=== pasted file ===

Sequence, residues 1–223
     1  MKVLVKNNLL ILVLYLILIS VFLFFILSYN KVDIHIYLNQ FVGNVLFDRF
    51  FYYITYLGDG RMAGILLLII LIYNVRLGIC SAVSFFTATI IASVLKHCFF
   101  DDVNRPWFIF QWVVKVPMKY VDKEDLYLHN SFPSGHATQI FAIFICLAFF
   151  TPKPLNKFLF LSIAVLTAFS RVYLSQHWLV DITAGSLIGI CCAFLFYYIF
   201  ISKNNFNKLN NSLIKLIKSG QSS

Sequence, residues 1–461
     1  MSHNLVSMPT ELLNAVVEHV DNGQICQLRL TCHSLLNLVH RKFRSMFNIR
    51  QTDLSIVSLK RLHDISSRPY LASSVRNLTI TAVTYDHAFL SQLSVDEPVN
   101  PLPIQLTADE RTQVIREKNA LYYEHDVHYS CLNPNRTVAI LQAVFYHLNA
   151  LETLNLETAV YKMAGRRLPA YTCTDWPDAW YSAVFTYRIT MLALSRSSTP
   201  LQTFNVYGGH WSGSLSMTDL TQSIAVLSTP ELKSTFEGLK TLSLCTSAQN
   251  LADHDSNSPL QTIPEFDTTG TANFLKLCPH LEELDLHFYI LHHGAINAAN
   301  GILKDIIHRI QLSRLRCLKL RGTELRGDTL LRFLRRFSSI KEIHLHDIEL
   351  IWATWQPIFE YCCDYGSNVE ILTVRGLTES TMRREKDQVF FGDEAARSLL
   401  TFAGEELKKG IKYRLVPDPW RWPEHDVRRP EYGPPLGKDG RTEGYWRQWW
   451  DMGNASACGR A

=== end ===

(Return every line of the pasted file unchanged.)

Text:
Sequence, residues 1–223
     1  MKVLVKNNLL ILVLYLILIS VFLFFILSYN KVDIHIYLNQ FVGNVLFDRF
    51  FYYITYLGDG RMAGILLLII LIYNVRLGIC SAVSFFTATI IASVLKHCFF
   101  DDVNRPWFIF QWVVKVPMKY VDKEDLYLHN SFPSGHATQI FAIFICLAFF
   151  TPKPLNKFLF LSIAVLTAFS RVYLSQHWLV DITAGSLIGI CCAFLFYYIF
   201  ISKNNFNKLN NSLIKLIKSG QSS

Sequence, residues 1–461
     1  MSHNLVSMPT ELLNAVVEHV DNGQICQLRL TCHSLLNLVH RKFRSMFNIR
    51  QTDLSIVSLK RLHDISSRPY LASSVRNLTI TAVTYDHAFL SQLSVDEPVN
   101  PLPIQLTADE RTQVIREKNA LYYEHDVHYS CLNPNRTVAI LQAVFYHLNA
   151  LETLNLETAV YKMAGRRLPA YTCTDWPDAW YSAVFTYRIT MLALSRSSTP
   201  LQTFNVYGGH WSGSLSMTDL TQSIAVLSTP ELKSTFEGLK TLSLCTSAQN
   251  LADHDSNSPL QTIPEFDTTG TANFLKLCPH LEELDLHFYI LHHGAINAAN
   301  GILKDIIHRI QLSRLRCLKL RGTELRGDTL LRFLRRFSSI KEIHLHDIEL
   351  IWATWQPIFE YCCDYGSNVE ILTVRGLTES TMRREKDQVF FGDEAARSLL
   401  TFAGEELKKG IKYRLVPDPW RWPEHDVRRP EYGPPLGKDG RTEGYWRQWW
   451  DMGNASACGR A